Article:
Ally on Added Sugars

Last year here at Diabetes Flashpoints, we discussed a proposal by the U.S. Food and Drug Administration (FDA) that would redesign the Nutrition Facts label to list “added sugars” and “total sugars” separately. Added sugars are refined forms of sugar (such as white sugar, high-fructose corn syrup, molasses, maple syrup, or honey) that are added to processed foods to increase their sweetness. Many nutrition experts — and the FDA — believe that it is important to limit added, rather than total, sugar in your diet, since there are health benefits associated with many foods that contain naturally-occurring sugar (such as fruits, cooked tomato products, and milk products).

According to a 2013 study published by the National Center for Health Statistics, added sugars account for over 14% of total calories consumed by both men and women between the ages of 20 and 39. This translates to 397 calories of added sugars for men and 275 calories for women. By contrast, the World Health Organization recommends a limit of 5% of total calories for added sugars, which is about 140 calories for men and 95 calories for women.


As we noted in last year’s piece on the FDA proposal, many large food manufacturers have come out against the redesigned label, including food giant Kellogg, which criticized the new label as confusing to consumers after conducting an online survey to see how well people could understand it. So it may have come as a surprise to many when last week, candy giant Mars Inc. declared its support for the redesigned label. According to an article published Friday in The Wall Street Journal, Mars came to its decision after conducting consumer research and concluding that “more information wouldn’t be harmful to consumers.” The company doesn’t plan, however, to include amount of added sugar on its labels unless the FDA passes the requirement.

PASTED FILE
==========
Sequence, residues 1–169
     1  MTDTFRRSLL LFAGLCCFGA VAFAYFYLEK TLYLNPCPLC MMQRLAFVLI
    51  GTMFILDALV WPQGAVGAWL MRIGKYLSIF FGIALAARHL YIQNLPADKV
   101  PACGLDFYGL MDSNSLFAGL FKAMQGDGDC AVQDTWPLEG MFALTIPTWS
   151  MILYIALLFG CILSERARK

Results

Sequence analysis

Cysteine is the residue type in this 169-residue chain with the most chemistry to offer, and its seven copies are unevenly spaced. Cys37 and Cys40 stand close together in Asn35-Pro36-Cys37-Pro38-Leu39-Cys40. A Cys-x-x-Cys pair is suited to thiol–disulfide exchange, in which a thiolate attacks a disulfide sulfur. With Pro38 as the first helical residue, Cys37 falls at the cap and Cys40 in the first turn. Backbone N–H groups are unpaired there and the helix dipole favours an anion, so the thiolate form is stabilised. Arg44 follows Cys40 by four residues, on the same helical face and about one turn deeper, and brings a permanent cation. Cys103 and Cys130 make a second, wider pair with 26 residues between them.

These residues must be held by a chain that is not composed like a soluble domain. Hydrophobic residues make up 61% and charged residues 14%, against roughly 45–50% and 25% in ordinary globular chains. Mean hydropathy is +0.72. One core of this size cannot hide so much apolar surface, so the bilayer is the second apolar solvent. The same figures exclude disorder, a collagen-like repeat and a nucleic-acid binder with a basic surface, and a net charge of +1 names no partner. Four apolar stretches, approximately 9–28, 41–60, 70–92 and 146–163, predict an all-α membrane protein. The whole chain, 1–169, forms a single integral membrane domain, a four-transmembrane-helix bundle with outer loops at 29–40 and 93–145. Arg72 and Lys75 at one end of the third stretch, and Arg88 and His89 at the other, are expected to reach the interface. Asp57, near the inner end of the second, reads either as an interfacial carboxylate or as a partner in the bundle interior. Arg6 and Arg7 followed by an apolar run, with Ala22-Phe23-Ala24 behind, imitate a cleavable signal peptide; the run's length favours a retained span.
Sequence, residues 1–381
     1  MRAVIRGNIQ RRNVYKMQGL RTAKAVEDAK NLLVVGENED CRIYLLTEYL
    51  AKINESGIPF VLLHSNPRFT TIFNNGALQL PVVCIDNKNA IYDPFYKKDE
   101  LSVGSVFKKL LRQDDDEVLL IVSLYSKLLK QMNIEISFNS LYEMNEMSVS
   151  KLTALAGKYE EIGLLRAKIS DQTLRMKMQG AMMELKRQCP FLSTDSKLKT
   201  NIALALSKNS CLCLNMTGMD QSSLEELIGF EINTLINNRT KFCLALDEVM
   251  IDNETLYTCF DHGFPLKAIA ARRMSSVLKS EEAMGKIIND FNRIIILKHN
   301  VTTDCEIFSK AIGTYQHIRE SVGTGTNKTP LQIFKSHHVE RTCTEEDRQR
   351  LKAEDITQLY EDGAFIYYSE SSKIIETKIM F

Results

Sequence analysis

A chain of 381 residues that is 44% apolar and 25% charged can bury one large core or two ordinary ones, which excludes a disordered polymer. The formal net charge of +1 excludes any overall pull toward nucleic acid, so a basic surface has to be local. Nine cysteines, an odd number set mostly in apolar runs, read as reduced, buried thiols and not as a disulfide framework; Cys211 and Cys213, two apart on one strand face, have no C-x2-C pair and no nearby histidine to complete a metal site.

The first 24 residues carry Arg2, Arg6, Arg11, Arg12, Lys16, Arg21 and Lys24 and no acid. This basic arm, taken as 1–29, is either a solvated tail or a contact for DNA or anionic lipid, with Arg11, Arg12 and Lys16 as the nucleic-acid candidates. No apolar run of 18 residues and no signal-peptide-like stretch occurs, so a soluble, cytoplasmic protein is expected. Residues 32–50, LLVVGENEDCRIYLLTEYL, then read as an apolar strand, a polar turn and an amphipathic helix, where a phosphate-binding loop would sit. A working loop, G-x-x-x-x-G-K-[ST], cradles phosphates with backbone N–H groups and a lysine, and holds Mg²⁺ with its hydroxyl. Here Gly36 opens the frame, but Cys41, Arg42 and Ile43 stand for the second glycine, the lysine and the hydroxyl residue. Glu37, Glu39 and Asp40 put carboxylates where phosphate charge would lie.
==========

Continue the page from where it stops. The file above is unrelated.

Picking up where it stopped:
Mars also expressed its support, in its letter to the FDA, for the recommendation by the U.S. Dietary Guidelines Advisory Committee — a group of nutrition experts that advises the government — that Americans limit added sugars to 10% of their daily calories. In explaining the company’s support for these policies, Mars’s global head of research and development said that candy “shouldn’t be consumed too often, and having transparency of how much it should be consumed is actually quite helpful to consumers.”

What’s your take on this seemingly unlikely support for added-sugar labeling — is Mars simply trying to be a good corporate citizen? Or is it more likely that it has business interests under consideration — believing, for example, that it will gain good publicity from these positions, or that people might actually buy more candy if labels indicate they can eat a certain amount of it each day? Does it matter what the company’s motivations are, if the end result is positive? Do you support the FDA’s proposed labeling of added sugars? If the redesigned Nutrition Facts label with “added sugars” goes into effect, do you think it will affect your shopping or eating habits? Leave a comment below!